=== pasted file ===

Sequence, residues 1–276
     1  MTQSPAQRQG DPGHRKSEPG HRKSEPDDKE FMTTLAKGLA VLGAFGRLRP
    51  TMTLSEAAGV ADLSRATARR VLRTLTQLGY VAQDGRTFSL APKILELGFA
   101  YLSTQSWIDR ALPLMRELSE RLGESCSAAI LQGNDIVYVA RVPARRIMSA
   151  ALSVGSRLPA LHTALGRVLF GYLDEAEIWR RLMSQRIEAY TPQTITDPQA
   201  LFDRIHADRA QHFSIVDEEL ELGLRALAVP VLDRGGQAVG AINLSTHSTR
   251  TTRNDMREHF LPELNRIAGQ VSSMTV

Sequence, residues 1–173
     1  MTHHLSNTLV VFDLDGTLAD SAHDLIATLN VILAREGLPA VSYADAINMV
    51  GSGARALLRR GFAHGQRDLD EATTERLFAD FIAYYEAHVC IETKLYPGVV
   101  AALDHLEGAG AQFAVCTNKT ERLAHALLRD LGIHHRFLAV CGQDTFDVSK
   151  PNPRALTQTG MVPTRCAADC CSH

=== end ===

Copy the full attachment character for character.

Sequence, residues 1–276
     1  MTQSPAQRQG DPGHRKSEPG HRKSEPDDKE FMTTLAKGLA VLGAFGRLRP
    51  TMTLSEAAGV ADLSRATARR VLRTLTQLGY VAQDGRTFSL APKILELGFA
   101  YLSTQSWIDR ALPLMRELSE RLGESCSAAI LQGNDIVYVA RVPARRIMSA
   151  ALSVGSRLPA LHTALGRVLF GYLDEAEIWR RLMSQRIEAY TPQTITDPQA
   201  LFDRIHADRA QHFSIVDEEL ELGLRALAVP VLDRGGQAVG AINLSTHSTR
   251  TTRNDMREHF LPELNRIAGQ VSSMTV

Sequence, residues 1–173
     1  MTHHLSNTLV VFDLDGTLAD SAHDLIATLN VILAREGLPA VSYADAINMV
    51  GSGARALLRR GFAHGQRDLD EATTERLFAD FIAYYEAHVC IETKLYPGVV
   101  AALDHLEGAG AQFAVCTNKT ERLAHALLRD LGIHHRFLAV CGQDTFDVSK
   151  PNPRALTQTG MVPTRCAADC CSH